Sunday, April 27, 2008

The Next Sound You Hear...

Will be me falling flat on my face from mental and physical exhaustion. That will occur some time in the evening hours of Friday, May 2.

To explain: Next week you will be hearing little from me. That is because I will be attending the spring session of the BAR Five-Day Certification Program on distilled spirits and mixology. BAR, in case you didn't know, stands for Beveral Alcohol Resource LLC, the New York City-based spirits institute created by Dale DeGroff, Doug Frost, Steven Olson, F. Paul Pacult, Andy Seymour, and David Wondrich.

They hold the program (I've come to call it the BAR exam, when discussing it with my wife and friends) twice a year. The April 28-May 2 session will only be the fifth such. I expect to have a great deal of fun leaning about and sample the various liquors of the planet, but I also expect to be utterly spent at the end of it. The first day, after all, lasts from 10 AM to 9 PM! Which give the term "intensive" a new meaning. Thereafter, it only gets a little easier: 9 AM to 7:30 PM. They take it easy on you on Friday, Exam Day—only 10 AM to 4 PM.

I have been instructed to dress casually, bring plenty of water, notebooks and pens. Also my "unforgettable laugh." (Not sure if I have one of those, but I'm looking.)

Wednesday, April 23, 2008

In the Cellar With Union Square Cafe

For my April "In the Cellar" column in the New York Sun, I interviewed Steve Mancini, the wine director at Union Square Cafe. Mancini once again served to impress upon me the extreme youth of New York's major sommeliers these days. The Modern, Per Se, Eleven Madison Park, etc.—they're all run by babies! But what enthusiastic, knowledgable babies! Mancini is the kind of excitable wine guy that gets you excited about wines. I was particularly pleased to discover he toys around with homemade limoncello and amaro—just like moi.

The Mad Scientist of 16th Street


In the wine cellar of restaurateur Danny Meyer’s perennially popular Union Square Café, there are a few large mason jars of neon-yellow liquid. The contents are not radioactive: The jars contain housemade limoncello, created from a family recipe provided by the restaurant’s youthful, experiment-loving wine director, Stephen Mancini.

The lemon-based Italian liqueur, mixed with grappa and citrus juices, is used to make the Forza Totti — one offering from the new cocktail program Mr. Mancini has been developing since last fall. The 27-year-old puts much stock in family recipes. He and his father cure their own prosciutto every year, and his first exposure to wine was the garage brew whipped up by his grandfather. Mr. Mancini’s uncle has now assumed the family winemaking duties, aging the alcohol in glass, which lends it a bit of carbonation. “It’s not as much about making an amazing product as it is about tradition,” Mr. Mancini said.

Noting that his staff could similarly benefit from firsthand exposure to winemaking, he said he’s discussed with Union Square’s general manager the possibility of making wine at the restaurant — not for patron consumption, but for educational purposes. The idea came to him last fall when he voluntarily assisted Californians Bob Foley and Abe Schoener with their harvests. “Who knows? We could make the worst wine ever,” he said. “But being able to share that experience I had with Bob Foley — drinking juice that was not fully fermented out of his 10-ton steel fermenters, seeing how that wine has evolved — it was brilliant.”

Mr. Mancini hails from Italian immigrant families on both sides: His father was born outside of Rome, and his mother’s family came from Calabria. After graduating from Villanova University, he worked his way up to captain from busboy at Mr. Meyer’s Gramercy Tavern, and learned about wine under the tutelage of former Gramercy Tavern sommeliers Paul Greco and Karen King. Union Square Café is his first gig as a full-out wine director.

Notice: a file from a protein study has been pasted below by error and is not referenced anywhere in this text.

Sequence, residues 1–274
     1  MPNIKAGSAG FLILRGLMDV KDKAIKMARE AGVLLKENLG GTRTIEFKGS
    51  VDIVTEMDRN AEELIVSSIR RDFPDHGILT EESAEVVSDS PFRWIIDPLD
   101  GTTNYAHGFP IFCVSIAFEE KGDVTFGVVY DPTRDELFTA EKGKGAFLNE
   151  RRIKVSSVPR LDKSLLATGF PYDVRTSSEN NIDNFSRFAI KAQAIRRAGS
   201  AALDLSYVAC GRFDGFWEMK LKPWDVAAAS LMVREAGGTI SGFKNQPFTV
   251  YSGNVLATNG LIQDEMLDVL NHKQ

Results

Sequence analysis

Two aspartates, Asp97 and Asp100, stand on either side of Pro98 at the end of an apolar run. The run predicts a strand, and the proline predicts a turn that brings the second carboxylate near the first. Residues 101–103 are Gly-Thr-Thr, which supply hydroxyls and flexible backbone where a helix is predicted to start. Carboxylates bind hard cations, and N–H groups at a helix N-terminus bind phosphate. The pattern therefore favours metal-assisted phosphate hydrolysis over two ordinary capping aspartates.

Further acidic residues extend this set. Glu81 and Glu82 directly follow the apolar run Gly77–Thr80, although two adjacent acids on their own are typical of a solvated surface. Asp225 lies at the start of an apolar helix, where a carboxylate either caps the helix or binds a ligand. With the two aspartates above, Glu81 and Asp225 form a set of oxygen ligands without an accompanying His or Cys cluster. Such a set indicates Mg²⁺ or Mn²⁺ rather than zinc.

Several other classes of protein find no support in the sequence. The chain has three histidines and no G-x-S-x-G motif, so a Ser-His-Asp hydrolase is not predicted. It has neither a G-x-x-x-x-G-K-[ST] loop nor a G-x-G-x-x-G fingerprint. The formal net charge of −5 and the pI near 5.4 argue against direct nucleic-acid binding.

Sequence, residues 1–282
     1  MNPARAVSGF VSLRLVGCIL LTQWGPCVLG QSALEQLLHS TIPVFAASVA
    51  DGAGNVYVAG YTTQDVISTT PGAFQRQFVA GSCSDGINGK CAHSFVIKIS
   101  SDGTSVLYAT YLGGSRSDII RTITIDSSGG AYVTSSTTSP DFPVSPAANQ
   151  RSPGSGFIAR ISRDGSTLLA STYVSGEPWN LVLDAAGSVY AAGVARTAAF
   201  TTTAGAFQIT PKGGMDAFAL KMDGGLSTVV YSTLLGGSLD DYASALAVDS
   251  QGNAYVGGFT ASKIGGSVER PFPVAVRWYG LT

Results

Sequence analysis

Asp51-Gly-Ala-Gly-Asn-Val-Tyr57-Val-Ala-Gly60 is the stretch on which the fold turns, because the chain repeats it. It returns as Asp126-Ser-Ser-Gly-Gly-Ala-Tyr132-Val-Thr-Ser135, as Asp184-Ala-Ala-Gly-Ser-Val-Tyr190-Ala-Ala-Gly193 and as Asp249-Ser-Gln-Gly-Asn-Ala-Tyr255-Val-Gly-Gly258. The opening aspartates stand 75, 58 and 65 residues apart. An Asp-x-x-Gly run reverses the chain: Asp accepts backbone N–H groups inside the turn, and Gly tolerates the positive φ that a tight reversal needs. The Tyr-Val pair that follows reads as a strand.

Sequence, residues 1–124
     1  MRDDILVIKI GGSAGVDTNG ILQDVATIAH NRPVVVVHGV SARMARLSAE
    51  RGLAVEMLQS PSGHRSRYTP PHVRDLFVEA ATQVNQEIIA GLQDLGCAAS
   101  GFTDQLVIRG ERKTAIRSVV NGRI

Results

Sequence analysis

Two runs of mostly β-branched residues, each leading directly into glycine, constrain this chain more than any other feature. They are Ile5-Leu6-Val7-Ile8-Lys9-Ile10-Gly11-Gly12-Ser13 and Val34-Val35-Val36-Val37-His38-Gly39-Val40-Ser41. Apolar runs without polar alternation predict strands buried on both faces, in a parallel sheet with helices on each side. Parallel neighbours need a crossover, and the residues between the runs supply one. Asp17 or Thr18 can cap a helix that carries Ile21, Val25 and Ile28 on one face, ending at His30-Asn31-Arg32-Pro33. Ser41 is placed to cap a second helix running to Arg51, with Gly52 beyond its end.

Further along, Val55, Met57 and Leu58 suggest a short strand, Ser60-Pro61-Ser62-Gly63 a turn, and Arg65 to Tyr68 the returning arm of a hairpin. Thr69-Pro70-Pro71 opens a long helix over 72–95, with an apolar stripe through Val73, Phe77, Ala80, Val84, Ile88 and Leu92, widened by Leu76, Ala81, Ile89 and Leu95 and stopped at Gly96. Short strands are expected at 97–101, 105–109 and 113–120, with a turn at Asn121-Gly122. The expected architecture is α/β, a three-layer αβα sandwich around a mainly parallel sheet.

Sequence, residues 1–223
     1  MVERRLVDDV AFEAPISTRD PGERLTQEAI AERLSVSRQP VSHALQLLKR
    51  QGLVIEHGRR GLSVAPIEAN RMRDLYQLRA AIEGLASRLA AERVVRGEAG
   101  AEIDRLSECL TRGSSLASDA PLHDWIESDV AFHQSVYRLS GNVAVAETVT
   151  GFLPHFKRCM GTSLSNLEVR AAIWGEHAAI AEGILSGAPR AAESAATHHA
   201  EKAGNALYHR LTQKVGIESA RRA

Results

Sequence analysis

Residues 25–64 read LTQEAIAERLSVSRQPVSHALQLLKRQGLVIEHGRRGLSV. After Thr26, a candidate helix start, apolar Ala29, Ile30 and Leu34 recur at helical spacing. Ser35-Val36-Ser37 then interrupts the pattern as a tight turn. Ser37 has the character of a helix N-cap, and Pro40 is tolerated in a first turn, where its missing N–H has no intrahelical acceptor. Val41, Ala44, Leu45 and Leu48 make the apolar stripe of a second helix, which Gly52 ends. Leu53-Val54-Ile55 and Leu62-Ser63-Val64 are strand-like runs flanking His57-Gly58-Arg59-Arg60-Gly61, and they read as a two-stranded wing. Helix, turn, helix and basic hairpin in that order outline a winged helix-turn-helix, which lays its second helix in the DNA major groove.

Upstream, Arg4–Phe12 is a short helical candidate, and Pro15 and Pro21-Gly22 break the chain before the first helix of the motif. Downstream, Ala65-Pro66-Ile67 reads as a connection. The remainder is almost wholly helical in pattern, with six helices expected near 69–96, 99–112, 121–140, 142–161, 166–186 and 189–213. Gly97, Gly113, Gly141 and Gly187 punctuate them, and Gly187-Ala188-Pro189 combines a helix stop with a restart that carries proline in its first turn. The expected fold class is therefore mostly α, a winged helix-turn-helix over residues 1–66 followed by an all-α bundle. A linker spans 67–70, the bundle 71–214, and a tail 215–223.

He tends to look at Union Square’s wine list as something like a many-layered archeological dig. “I’d say that I’ve definitely been able to put my fingerprint on the list,” he said. “That being said, this list is different than a lot of lists in New York City. It still has purchases that Danny Meyer put on the list originally. Every wine director since Danny has made a contribution.”

One of Mr. Mancini’s major innovations is a full page of grappas. They hail from a range of Italian regions and include a 1984 Bric Del Gaian from the Piedmont ($50 a glass). “I think sometimes people have a preconceived notion of what grappa is,” he said. “We have such great Armagnacs and Cognacs here. Since our list is very much an Italian list and our restaurant very much has an Italian soul, if we’re going to support the after-dinner-drink lifestyle, it’s only right we have a grappa page.”

Another new aspect is the aforementioned cocktail menu. Each cocktail contains an Italian ingredient made in a different area of the country, and Mr. Mancini has arranged the menu in the manner of a wine list, ordering the drinks region by region, running from the top of the Italian boot (a Venetian Spritz made with prosecco and Aperol) to the bottom (a Sicilian Wallbanger, made with imported Sicilian blood orange juice, vodka, and Galliano liqueur).

“I didn’t want to just make drinks and say, ‘These are our cocktails’ — a drunken cranberry spritzer or whatever,” he said. “So I made it all Italian. We find our inspiration for these drinks from an ingredient from a region.”

Future cocktails may benefit from Mr. Mancini’s mad-scientist proclivities. He’s experimenting with homemade versions of the Italian herbal liqueur known as amaros, as well as a juniper-infused gin. At this rate of invention, the Mancini grandchildren will have considerably more family recipes to choose from.

Thursday, April 17, 2008

Nobody See the Wine Cellar at Sparks Steak House